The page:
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## Passport to advanced mathematics

Current time:0:00Total duration:3:30

# Quadratic and exponential word problems — Basic example

## Video transcript

- [Instructor] A cable
company with a reputation for poor customer service
is losing subscribers at a rate of approximately 3% per year. The company had two million subscribers at the start of 2014. Assume that the company
continues to lose subscribers at the same rate and that
there are no new subscribers. It's truly a bad situation
for them (chuckles). Which of the following functions, S, models the number of
subscribers, in millions, remaining t years after the start of 2014? So let's just think
about this a little bit. So S of zero, when t equals zero, this is zero years
after the start of 2014. So this would be the number
of subscribers they had at the start of 2014,
which is two million. So S of zero is going to be two. Remember, S is in terms of
millions, they tell us that. So S of zero is two. What is S of one going
to be, when t equals one? Well, one year has gone by, so they're going to lose
3% of their subscribers, and losing 3% is the same
thing as retaining 97%. So it's going to be two times 0.97. Now what happens at t
equals two, after two years? Well, they started with two million. In one year, they were able
to, only to retain 97%. And then another year goes by. They're only gonna retain 97%
of what they had or after, what they had the year
before, so another 97%. So I see, I think you see the trend. You're going to multiply
by 97% as many times or as t times I guess is another
way to think about it. If you say S of three, you started with two million subscribers, after one year you retain 97% of them, after another year you're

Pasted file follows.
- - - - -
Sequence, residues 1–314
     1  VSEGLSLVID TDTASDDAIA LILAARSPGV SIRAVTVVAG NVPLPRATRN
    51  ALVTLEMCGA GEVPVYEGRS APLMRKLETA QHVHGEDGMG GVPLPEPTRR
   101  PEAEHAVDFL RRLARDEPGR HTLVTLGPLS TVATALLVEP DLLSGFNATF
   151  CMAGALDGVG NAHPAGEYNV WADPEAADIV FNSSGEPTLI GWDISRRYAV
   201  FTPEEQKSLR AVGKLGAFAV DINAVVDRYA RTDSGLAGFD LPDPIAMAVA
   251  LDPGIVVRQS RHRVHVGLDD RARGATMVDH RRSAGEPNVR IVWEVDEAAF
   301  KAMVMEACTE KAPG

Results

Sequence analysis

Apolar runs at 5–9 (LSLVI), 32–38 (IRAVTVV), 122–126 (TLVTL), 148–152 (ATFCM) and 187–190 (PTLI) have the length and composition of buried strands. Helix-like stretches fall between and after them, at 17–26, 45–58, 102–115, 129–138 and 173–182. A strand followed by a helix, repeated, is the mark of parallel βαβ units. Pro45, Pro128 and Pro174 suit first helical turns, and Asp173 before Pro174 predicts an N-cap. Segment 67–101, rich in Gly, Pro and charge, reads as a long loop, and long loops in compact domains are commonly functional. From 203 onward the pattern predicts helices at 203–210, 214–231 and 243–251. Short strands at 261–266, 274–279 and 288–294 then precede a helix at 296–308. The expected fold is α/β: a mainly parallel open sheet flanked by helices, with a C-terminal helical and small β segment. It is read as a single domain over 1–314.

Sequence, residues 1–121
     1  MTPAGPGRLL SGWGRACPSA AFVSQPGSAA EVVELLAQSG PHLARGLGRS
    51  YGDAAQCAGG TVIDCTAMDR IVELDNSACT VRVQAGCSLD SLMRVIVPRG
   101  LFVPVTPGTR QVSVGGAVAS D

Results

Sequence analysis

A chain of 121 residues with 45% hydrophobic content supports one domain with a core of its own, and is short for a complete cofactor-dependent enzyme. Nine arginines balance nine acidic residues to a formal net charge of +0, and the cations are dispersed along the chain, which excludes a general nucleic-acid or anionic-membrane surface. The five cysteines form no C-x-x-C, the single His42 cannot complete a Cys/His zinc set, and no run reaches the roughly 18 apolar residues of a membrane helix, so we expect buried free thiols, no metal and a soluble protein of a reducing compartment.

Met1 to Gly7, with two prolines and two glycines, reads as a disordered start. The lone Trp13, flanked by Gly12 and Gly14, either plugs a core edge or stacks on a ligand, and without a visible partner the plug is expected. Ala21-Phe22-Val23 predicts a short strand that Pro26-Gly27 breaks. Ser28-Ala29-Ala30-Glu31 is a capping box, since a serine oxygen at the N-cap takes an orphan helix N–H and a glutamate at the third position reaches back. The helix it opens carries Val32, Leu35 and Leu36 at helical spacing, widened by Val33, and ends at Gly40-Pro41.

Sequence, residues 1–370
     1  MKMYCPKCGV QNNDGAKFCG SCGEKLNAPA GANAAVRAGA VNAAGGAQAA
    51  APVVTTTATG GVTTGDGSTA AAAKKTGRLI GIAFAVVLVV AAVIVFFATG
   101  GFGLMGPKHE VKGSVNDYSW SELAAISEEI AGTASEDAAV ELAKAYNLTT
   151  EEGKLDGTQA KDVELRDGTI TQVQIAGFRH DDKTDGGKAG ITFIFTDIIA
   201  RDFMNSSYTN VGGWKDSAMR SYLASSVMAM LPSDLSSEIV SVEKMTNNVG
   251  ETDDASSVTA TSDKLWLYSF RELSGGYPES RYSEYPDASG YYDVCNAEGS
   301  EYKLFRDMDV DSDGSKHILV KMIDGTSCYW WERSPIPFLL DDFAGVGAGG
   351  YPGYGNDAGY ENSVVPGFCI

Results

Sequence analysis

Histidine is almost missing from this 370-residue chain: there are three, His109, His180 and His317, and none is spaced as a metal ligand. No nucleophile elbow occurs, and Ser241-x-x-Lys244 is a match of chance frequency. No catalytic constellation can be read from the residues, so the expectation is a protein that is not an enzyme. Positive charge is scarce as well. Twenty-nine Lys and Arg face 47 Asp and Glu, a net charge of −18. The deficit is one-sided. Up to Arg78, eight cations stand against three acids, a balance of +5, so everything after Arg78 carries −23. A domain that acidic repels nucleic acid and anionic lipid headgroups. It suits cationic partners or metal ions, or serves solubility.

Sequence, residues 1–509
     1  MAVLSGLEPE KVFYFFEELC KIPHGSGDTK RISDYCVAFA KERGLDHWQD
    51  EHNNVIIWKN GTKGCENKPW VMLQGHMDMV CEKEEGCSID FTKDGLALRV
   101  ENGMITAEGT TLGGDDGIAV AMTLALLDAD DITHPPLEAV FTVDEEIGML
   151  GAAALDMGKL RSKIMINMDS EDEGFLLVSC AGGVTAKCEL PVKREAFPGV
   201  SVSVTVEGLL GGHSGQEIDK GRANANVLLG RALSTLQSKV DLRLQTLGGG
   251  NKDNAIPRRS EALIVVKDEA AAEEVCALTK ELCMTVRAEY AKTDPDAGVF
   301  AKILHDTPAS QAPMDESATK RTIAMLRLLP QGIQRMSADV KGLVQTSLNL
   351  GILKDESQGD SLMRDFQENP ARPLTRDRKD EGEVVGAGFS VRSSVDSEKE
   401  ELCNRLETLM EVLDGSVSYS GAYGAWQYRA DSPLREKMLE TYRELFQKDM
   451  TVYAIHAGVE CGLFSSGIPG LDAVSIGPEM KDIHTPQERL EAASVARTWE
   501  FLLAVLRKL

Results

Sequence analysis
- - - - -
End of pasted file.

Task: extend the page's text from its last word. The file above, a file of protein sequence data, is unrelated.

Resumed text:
gonna retain 97% of this, and after another year, at t equals three, you're gonna retain 97% of that, 97% of that. So in general, S of t, it's going to be what you
started with times 0.97 to the t-th power. However many years have
gone by, you take your, I guess you'd say your
retention rate to that power. And of course, you then multiply that times your initial starting subscribers, and that's how much
you're gonna be left with. And let's see, which of
these choices have that? That is this choice right over here. Now another way you could've done it is you could've tried to
rule out some choices here. This one actually has
the subscribers growing. If you multiply by 1.03 to the t, 1.03 times 1.03 times 1.03, it's going to get larger than one. You're gonna have more than
two million subscribers, so as t increases, so you
could rule that one out. In this one, every year, you're only retaining
70% of your subscribers. You're losing 30%, not 3%, so that one's even worse than
this already bad situation. And then this one, this is a linear, this is kind of a, well, it's, I mean, they're saying
you're multiplying by t. And, you know, one way to
realize that this is gonna break down very fast is t equals zero, this is gonna give us zero. But at t equals zero, you
don't have zero subscribers. At t equals zero, you have
two million subscribers. The other way to think about
it is this one's gonna increase as t increases, while we need
to have a decreasing number of subscribers, so you could
rule that one out as well.